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Report: Rising prices trap Metro Vancouver families in starter homes

Development incentives, zoning changes and equity co-ops part of the solution

September 17, 2015, Vancouver, BC – Less than one per cent of Metro Vancouver’s housing stock is both suitable and available for the average young family seeking to move out of their starter homes, says a new report released today by Vancity credit union.

The report, Housetrapped: The growing inability of Metro Vancouver families to move out of starter homes, analyzes the suitability, availability and affordability of housing for a family of four.

The most suitable option for families is a three-bedroom attached property, such as a townhouse or row house, which provides access to a yard. However, in 2014 these properties were only 9 per cent of Metro Vancouver's housing stock inventory and had a turnover rate of 9.5 per cent, meaning only 0.86 per cent of all the housing stock in the region was both suitable and available for purchase.

The report found that affordability of this stock is also an issue. In August 2015, 17 per cent of Metro Vancouver sales were attached properties (primarily townhomes) with a benchmark price of $511,500. The 2014 median total annual household income for dual-income Millennials families in Metro Vancouver was $65,492, which means they could afford housing that’s priced around $384,000.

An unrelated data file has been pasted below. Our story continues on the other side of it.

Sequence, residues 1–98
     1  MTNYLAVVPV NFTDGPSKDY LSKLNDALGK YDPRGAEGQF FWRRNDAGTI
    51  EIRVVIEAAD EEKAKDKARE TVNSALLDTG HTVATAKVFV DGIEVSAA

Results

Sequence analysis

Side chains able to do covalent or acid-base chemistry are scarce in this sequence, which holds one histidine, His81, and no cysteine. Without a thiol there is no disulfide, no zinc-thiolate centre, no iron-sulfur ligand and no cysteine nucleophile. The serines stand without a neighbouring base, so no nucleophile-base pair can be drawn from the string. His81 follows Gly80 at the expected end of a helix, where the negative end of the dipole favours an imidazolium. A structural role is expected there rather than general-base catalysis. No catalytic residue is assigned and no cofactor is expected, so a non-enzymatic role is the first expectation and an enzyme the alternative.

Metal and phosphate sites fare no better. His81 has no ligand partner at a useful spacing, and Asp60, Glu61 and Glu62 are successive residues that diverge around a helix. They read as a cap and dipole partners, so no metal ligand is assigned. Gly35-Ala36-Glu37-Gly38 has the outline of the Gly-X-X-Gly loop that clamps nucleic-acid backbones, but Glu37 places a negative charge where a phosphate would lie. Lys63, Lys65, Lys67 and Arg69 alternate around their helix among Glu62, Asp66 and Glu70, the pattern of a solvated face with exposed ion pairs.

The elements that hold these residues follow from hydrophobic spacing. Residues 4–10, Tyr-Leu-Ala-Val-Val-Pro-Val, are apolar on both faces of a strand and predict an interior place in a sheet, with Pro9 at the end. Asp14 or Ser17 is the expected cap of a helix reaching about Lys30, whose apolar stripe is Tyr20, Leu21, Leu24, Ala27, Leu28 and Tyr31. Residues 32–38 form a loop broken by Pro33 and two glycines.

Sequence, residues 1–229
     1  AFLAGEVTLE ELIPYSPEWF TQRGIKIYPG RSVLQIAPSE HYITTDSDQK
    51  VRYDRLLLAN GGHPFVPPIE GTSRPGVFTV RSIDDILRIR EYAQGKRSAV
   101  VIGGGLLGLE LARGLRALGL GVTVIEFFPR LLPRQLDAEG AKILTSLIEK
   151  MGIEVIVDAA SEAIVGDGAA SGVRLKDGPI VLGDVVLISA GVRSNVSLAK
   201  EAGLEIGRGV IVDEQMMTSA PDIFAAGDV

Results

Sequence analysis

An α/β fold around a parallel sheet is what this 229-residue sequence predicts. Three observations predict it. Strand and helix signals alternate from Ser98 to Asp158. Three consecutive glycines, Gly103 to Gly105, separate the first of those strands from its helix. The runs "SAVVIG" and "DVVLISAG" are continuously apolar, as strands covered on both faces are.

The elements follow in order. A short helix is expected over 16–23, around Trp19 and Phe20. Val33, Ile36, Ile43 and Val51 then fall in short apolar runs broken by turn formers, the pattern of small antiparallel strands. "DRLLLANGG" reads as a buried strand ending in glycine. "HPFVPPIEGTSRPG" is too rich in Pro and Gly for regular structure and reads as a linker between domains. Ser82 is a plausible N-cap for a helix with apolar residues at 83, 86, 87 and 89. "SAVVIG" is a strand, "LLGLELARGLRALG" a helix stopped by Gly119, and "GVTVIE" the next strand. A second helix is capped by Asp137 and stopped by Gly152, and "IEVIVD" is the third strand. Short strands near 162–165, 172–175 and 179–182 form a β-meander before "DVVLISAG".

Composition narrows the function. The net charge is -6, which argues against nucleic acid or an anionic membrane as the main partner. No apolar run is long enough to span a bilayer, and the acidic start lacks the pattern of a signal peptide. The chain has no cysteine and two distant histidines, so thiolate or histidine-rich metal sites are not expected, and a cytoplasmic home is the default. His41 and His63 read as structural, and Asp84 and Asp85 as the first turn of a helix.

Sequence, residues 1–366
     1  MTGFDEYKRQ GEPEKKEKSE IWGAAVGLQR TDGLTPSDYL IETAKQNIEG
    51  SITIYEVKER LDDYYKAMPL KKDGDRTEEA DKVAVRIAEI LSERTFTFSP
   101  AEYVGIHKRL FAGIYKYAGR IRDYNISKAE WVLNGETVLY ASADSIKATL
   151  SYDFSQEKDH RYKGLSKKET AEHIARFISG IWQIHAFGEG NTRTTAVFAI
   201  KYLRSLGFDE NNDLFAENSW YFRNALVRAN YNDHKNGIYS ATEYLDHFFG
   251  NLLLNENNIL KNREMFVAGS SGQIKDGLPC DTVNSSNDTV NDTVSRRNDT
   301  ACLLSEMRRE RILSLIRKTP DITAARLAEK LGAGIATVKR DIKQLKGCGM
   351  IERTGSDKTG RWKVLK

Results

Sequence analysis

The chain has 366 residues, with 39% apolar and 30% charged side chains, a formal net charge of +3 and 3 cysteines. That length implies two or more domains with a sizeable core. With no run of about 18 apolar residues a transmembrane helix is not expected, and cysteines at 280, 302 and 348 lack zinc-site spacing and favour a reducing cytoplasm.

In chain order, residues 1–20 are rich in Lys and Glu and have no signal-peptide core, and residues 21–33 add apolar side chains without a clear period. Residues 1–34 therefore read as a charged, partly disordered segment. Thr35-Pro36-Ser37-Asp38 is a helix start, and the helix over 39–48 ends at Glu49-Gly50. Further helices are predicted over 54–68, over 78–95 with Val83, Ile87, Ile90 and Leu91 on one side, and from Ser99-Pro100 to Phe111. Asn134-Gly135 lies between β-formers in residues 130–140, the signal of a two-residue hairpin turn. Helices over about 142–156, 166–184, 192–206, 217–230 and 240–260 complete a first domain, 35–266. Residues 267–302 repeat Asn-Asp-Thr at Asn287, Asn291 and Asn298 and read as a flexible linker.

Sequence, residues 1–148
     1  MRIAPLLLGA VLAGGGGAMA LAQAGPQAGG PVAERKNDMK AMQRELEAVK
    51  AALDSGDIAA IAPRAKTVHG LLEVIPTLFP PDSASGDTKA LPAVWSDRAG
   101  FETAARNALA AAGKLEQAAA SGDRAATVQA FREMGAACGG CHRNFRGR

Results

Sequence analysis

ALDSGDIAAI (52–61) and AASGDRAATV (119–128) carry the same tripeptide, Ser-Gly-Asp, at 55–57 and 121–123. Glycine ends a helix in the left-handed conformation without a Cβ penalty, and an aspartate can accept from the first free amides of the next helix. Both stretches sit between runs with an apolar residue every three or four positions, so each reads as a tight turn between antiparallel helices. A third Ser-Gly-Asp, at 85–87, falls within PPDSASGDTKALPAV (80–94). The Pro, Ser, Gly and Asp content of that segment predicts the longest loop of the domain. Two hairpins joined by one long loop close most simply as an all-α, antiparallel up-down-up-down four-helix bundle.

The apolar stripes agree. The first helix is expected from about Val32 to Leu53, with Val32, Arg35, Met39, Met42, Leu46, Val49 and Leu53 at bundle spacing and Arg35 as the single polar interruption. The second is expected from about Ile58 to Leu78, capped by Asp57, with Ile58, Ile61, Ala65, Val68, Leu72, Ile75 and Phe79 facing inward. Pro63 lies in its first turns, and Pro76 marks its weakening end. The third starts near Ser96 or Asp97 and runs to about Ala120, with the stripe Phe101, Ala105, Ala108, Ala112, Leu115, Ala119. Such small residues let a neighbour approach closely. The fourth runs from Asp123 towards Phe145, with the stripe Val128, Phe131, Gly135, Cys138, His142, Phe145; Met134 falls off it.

Most apartments and condominiums—the most affordable home ownership option—are not suitable for these families; in 2014, 91 per cent of apartment units had two bedrooms or less.

Millennials who already own a one-bedroom apartment or condo and want to upgrade to three bedrooms with access to a yard would need to take on an additional 95 per cent of debt. As a result, many will be trapped in starter homes that provide inadequate space and amenities.

The report offers recommendations to enable more families to move from their starter homes and encourages all levels of governments to look at innovative measures to address the lack of affordable family-friendly housing, including development incentives, inclusionary zoning and the shared-equity co-operative housing model.


"Buying a suitable house isn't affordable for most families. And the relatively more affordable options like three-bedroom townhomes and row houses are limited and rarely available for purchase, further compounding the problem." Andy Broderick, Vancity's vice-president of impact market development

Additional information

About Vancity

Vancity is a values-based financial co-operative serving the needs of its more than 509,000 member-owners and their communities through 59 branches in Metro Vancouver, the Fraser Valley, Victoria, Squamish and Alert Bay. As Canada’s largest community credit union, Vancity uses its $18.6 billion in assets to help improve the financial well-being of its members while at the same time helping to develop healthy communities that are socially, economically and environmentally sustainable.

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For more information:

Lorraine Wilson | Vancity
T: 778-837-0394


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